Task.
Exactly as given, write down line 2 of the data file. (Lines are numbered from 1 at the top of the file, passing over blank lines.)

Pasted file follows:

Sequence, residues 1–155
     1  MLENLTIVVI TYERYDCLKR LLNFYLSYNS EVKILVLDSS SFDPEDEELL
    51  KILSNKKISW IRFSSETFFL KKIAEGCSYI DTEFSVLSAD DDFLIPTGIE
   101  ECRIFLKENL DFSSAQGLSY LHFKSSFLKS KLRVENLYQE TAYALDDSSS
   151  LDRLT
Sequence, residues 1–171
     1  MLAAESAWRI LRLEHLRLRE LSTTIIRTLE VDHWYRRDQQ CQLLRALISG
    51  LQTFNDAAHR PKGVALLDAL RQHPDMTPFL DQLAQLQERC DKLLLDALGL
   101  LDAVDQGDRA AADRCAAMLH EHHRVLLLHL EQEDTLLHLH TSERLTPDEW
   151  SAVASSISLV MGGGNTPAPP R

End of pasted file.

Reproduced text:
     1  MLENLTIVVI TYERYDCLKR LLNFYLSYNS EVKILVLDSS SFDPEDEELL